We arrived at our accommodation in the afternoon and it was pouring so we spent the rest of the day lounging in bed and postponed the ice lagoon to the next day.
Day 6: One highlight after the other!
The weather forecast for today had been good so we got up early to drive down to the sea and were rewarded with a fantastic sunrise. The beach across from Jörkulsárlón offered a great spectacle: black sand, bizarre ice mountains breaking the waves and foggy mountains in the background. We could not have asked for a better start into the day!
On to Jörkulsárlón, the impressive ice lagoon with its meter high icebergs and a well known sight in Iceland. There was only a hand full of people there with us so we had enough peace and quiet to take in this magical place. We were even lucky enough to see a seal poke up from the water for a couple of seconds to catch its breath.
If you drive a little further from here there is a parking lot on the righthand side of the road. You have a great view of the lake and the reflection of the mountains and ice formations in it. We could have sat here forever but we still had a lot ahead of us. Make sure to make another stop at Fjállsárlon, another breathtaking glacial lake!
Our next stop was Vík where there is a great shop for the typical knit sweaters, hats and gloves right next to the gas station on the left side of the road. You can get a bargain here and buy a pullover for 40 Euros.
In Vik there is a road that goes out to Reynisdrangar, the black beach with pointy black cliffs in the sea. Unfortunetaly it was pouring again wo we only had a quick look and drove on to Kap Dyrhólaey, where you have a great view of a stone arch in the sea.
One of our highlights that day was the deserted and decaying plane wreck by Solheimasandur. It is a little hidden and there are no signs. Look for the 222 exit on the righthand side, then turn left onto a street. You might see a car coming from the sea like we did, then you know you are on the right way. This wreck was a US Navy plane in the 70s that must have landed there because of a fuel shortage. It is hard to believe that all the passangers survived the way the plane looks now! In any case a creepy scenario in front of a great backdrop of black sand and the sea on one side and the mountains on the other!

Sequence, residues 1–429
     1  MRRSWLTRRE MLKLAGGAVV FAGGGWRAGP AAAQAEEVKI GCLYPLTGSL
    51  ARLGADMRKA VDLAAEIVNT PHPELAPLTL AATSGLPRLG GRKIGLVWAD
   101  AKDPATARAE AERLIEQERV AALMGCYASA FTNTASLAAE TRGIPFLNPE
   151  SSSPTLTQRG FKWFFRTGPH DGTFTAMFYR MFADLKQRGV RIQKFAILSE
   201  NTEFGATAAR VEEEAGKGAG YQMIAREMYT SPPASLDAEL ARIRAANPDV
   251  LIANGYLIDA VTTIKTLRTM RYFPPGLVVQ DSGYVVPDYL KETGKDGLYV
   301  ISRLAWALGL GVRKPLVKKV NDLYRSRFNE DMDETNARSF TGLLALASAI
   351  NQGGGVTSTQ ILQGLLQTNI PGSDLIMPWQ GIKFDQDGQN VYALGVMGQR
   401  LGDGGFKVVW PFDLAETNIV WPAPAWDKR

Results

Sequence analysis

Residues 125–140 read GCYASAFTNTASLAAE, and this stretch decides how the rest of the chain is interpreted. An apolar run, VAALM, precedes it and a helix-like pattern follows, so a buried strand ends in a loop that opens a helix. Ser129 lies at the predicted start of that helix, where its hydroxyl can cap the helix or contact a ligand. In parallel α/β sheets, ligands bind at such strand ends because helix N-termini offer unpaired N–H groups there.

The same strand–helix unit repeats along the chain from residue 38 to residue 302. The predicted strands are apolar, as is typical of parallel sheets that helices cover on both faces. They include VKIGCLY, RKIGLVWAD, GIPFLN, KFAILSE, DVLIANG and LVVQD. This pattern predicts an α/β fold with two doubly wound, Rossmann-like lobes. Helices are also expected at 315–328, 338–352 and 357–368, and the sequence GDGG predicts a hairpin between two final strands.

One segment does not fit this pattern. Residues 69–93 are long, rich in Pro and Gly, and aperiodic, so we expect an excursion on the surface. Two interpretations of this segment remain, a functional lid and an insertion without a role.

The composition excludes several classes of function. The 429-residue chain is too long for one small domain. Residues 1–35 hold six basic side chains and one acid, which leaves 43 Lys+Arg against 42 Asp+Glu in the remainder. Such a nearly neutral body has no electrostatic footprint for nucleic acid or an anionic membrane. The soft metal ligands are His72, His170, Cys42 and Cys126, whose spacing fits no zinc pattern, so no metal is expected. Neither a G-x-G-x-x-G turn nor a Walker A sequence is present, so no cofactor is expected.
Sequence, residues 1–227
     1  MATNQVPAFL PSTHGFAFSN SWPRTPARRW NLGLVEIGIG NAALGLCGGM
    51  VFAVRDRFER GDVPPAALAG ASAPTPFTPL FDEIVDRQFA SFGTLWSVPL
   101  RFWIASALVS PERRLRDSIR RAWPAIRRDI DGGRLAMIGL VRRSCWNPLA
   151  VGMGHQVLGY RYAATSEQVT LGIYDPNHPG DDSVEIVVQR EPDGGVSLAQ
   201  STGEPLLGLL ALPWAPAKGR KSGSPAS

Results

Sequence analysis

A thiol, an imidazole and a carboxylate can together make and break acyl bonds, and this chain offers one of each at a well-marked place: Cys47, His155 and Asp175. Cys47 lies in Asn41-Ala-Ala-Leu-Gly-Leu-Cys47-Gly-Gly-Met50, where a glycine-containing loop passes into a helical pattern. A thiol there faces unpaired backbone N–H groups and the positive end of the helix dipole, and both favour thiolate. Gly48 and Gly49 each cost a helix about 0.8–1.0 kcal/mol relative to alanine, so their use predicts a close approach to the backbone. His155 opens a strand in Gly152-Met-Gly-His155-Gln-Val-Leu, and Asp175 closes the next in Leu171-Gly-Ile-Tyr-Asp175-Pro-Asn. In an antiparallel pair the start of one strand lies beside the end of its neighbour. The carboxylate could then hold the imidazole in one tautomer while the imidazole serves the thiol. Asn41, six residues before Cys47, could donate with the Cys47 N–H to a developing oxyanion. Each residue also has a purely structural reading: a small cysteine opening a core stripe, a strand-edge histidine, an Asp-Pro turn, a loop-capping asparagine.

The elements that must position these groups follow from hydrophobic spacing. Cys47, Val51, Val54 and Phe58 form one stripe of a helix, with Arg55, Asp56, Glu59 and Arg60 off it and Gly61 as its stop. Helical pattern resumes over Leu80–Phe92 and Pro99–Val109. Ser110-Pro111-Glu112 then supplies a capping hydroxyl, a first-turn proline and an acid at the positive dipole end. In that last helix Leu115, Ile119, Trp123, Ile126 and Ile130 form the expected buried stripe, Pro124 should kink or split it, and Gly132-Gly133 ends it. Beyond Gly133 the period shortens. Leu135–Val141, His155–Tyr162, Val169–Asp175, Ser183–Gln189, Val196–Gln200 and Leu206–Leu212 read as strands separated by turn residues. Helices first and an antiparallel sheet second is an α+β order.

On our Westward drive we also stopped at Skogafoss and Seljlandsfoss. From below you see Skogafoss hit with great force but you can also climb several stairs to its top. When you reach the top you will find several hiking trails past other smaller waterfalls. At the foot of Seljalandsfoss there is a great little shop selling self-knit pullovers and blankets. You will get real Icelandic work made by a nice Icelandic woman and with a unique pattern here, a far cry form what you find in the big stores in Reykjavík.
And finally we set out to look for a deserted bath in the mountains: Seljavallalaug. To get there you have to turn onto road 242 Raufafell (the second exit coming from the East), drive to the end and then hike down into the valley. Keep to the left and you will find the lonely pool with warm water from a natural volcanic source. We didn’t hesitate, there was no one around, undressed in 5 degrees and jumped into the pool naked. Wonderful! Later we were joined by a couple from Berlin and we warmed up before we made our way to the next farmstay Sólheimahjáleiga.